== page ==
Friday, June 22, 2012

'DIS' Engagement - where communications come in

Anand's blog post this week on 'DIS' Engagement reminds us that communication is the glue that binds the HR policies, the organization and the people together.

He touches on communications in his section on "D" - disconnection. Here's a bit more about how communications will add to removing the "DIS".

First, consider your employees as your ambassadors and advocates, not just as recipients of updates and bulletins. Those unaffected directly by any particular policy should still be briefed on what's going on. They can help explain the changes to others, including those outside.

Next, today's communications environment moves too quickly to manage as we used to. Lids can't be kept on things. People will Tweet, post and share information the second they've left the office or the briefing room. It's naive to expect them not to. So the trick is to consider, plan for and understand how these news channels will work and then package your communications to take advantage of that momentum. It's a bit like communications judo: use the momentum of their communications to carry your message.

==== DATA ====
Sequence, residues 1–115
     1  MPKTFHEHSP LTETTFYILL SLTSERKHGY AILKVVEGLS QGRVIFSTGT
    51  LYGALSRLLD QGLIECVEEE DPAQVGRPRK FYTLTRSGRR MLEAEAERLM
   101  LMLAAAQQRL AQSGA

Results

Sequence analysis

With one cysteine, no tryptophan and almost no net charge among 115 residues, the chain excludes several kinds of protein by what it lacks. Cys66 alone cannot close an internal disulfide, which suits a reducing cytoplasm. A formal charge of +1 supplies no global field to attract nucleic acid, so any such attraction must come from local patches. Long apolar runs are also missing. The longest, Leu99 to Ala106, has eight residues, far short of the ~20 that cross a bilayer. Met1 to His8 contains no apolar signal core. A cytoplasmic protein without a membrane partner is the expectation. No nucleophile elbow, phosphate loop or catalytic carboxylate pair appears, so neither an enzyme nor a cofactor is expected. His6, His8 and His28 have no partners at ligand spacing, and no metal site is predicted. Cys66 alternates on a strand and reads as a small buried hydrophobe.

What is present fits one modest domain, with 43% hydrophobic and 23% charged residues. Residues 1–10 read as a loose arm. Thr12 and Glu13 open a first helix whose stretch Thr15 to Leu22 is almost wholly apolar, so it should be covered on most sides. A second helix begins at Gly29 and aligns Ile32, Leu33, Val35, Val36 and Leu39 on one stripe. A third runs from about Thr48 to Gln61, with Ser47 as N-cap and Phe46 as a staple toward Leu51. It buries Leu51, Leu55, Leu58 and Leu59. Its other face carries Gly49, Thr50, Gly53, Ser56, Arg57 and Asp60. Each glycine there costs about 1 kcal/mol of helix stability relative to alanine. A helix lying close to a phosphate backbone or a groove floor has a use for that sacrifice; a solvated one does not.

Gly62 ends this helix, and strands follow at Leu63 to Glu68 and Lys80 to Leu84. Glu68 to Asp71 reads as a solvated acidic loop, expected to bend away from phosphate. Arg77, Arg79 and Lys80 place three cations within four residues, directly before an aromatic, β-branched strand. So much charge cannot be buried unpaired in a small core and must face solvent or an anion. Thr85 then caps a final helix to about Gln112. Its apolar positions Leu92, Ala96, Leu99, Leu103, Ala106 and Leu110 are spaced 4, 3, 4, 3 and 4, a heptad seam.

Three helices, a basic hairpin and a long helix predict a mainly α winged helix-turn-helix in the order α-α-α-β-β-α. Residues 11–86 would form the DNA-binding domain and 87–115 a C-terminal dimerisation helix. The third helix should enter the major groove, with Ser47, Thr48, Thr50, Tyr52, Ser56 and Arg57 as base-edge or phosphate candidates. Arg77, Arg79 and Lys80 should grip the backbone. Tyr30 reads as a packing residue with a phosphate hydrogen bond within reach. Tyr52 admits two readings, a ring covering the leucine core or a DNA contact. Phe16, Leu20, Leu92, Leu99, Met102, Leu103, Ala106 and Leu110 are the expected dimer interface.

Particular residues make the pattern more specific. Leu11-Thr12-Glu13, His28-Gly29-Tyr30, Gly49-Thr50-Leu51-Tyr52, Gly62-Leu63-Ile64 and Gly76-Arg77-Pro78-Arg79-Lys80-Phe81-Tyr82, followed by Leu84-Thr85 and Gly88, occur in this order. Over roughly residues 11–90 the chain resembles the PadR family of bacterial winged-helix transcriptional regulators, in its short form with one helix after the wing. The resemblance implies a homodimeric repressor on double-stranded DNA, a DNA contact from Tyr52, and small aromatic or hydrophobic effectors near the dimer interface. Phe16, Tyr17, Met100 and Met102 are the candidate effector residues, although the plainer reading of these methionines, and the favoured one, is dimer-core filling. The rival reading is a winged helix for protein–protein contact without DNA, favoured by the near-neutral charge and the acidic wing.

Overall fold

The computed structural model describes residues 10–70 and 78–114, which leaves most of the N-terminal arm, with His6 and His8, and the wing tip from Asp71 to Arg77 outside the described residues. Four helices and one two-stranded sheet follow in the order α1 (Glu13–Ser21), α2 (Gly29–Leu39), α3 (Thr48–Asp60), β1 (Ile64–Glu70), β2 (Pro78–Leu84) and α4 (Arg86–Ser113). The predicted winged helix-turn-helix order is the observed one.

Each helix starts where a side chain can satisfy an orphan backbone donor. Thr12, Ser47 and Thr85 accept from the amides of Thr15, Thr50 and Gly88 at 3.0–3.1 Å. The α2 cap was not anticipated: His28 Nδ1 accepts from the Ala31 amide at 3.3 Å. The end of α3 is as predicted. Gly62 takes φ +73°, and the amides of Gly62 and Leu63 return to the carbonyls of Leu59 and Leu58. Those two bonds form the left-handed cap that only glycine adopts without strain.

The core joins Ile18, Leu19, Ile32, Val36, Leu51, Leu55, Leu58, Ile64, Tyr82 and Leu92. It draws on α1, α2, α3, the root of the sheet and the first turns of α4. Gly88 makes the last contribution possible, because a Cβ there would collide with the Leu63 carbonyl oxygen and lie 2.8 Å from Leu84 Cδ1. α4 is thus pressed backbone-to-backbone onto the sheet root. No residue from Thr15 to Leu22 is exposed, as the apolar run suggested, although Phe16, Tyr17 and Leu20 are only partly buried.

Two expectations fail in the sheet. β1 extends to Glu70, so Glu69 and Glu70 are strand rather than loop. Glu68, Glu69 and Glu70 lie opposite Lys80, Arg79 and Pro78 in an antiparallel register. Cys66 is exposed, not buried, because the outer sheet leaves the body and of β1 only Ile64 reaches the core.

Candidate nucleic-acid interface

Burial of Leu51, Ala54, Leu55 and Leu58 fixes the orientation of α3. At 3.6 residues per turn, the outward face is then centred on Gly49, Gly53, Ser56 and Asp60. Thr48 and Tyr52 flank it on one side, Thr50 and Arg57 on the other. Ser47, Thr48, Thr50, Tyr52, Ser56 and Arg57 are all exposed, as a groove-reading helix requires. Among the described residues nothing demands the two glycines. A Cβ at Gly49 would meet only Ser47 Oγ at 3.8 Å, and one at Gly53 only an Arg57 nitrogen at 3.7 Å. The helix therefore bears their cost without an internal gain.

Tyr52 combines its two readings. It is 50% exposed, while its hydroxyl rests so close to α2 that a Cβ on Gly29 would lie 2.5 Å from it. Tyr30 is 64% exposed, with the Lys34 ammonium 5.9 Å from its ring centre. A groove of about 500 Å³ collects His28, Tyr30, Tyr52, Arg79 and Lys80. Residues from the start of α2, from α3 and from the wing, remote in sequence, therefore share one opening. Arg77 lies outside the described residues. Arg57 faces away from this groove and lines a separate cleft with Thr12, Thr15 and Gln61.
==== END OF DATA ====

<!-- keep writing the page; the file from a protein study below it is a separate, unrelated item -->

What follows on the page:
Next, set context, a never forget the positive business objectives. There always is a bigger picture, and survival and growth are equally legitimate alternative objectives.

Next, be clear, concise and cogent. Often. "Often" means different channels, as well as more than once. People absorb information differently, from short bursts of information to more reflective reading, and from listening to someone to reading words.

Next, don't forget the emotional component of communications. Effective communications means facts plus emotion. We all know that a data sheet or a PowerPoint presentation never quite do the trick. The authenticity, passion, and personal elements all play their parts.

Finally, create value, then help people find it. If you have great news to impart, a new project for example, create a new section of your web site devoted to this project, so that employees can readily find the updates. The same tactic applies for bad news too. Consider having a crisis web site in readiness (and firmly under cyber lock and key) so that you're ready to go should the need arise. This preparedness also helps you think through the pre-crisis comms that can help carry the day.

You can overwhelm employees with communication. But done effectively, you can never over-inform them.

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